We cannot recommend the software milestone process enough to
all of our employers. If you choose to do this, remember to completely document
on-site each milestone and what percentage you will release (and have the worker
agree to it).
5) DON'T forget to use
mediation/arbitration if you need to.
6) DO read and understand your entire contract.
Mediation/arbitration is designed to protect you. If the worker
is not living up to his end of the bargain, make sure you contact a Rent a
Worker arbitrator. They are there to help you.
How many times have I heard an employer lament to me: "If only I
realized the consequences of such and such a thing. I would never have done
that if I had."
Don't let this happen to you. It's crucial that you read your
contract from top to bottom, taking special note of all of the rules of
arbitration. It is located at
and is purposefully written in a non-legalese language to allow you to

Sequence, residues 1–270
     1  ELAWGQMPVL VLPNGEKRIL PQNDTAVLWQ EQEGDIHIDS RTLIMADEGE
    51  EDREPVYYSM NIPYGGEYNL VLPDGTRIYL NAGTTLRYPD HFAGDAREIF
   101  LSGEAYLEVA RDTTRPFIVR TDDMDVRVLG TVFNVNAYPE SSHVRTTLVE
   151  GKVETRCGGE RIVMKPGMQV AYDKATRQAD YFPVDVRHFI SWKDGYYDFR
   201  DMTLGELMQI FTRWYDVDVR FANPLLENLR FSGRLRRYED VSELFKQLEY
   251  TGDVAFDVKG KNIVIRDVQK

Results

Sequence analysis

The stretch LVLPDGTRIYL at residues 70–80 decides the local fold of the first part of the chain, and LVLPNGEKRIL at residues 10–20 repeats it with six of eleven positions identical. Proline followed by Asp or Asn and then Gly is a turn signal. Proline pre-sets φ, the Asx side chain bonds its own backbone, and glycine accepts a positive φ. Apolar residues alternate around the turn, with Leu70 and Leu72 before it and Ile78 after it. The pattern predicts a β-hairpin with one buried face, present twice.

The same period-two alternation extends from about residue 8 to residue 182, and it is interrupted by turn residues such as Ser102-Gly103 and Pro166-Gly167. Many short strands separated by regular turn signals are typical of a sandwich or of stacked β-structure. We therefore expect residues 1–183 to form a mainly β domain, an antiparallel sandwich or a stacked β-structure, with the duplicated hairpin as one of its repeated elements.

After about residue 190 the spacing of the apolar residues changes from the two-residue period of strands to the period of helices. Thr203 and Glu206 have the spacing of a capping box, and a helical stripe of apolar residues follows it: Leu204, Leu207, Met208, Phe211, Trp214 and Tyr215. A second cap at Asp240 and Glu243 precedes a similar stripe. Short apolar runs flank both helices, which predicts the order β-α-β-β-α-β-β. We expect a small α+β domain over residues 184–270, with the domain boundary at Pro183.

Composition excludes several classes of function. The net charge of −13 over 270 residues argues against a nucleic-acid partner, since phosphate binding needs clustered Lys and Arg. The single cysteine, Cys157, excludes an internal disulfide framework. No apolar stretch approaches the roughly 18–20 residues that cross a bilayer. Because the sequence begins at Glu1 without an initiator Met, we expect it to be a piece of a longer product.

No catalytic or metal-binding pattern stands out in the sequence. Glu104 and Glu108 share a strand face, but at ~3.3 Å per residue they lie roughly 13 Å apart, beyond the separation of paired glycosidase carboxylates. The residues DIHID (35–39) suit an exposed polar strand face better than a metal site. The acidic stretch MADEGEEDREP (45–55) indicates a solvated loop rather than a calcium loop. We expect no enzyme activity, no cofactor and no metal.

understand it more easily. However, if you still don't understand something in
it, then don't hesitate to ask us at firstname.lastname@example.org and we'll be more than
happy to explain it to you. (The previous email address was not put on the Internet to avoid spam
harvesting...please use the feedback page and then choose 'legal' to contact us
Please don't put this off. Arming yourself with as much
knowledge as possible can only help you in the long run.
I congratulate you on locating a worker, and hope that the
information presented in this letter will allow you to be more successful and
profitable on vWorker.com. If you have any questions on anything you've read,
don't hesitate to contact us for a clarification. You can do this at: http://www.vWorker.com/RentACoder/misc/Feedback.asp. I wish you well on this
project and all your future projects on vWorker.com.